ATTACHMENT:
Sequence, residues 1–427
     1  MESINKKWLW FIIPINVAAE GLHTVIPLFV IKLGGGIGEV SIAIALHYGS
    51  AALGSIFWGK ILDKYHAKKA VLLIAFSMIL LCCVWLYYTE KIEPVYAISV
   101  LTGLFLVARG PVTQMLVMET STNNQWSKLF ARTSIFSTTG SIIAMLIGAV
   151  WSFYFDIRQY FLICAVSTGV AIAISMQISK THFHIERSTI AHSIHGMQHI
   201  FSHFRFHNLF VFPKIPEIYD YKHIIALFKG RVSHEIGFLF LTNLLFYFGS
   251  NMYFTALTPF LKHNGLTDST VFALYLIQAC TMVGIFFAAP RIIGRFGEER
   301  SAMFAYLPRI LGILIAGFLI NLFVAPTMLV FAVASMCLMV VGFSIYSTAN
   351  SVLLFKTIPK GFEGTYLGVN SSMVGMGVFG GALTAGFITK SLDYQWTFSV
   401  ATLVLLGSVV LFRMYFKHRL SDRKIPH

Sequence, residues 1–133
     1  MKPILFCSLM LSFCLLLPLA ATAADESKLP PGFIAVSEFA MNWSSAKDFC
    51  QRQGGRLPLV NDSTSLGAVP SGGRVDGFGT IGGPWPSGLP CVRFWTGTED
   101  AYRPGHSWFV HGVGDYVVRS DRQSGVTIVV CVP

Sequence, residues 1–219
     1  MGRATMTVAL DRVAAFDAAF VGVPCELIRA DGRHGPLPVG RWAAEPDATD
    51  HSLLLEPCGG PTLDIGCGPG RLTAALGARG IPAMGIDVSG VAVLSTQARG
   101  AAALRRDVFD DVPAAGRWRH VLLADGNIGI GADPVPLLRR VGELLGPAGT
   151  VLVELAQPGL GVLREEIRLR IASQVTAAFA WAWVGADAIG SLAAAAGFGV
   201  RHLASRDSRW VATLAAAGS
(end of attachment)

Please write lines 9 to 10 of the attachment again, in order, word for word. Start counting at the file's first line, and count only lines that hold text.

   351  SVLLFKTIPK GFEGTYLGVN SSMVGMGVFG GALTAGFITK SLDYQWTFSV
   401  ATLVLLGSVV LFRMYFKHRL SDRKIPH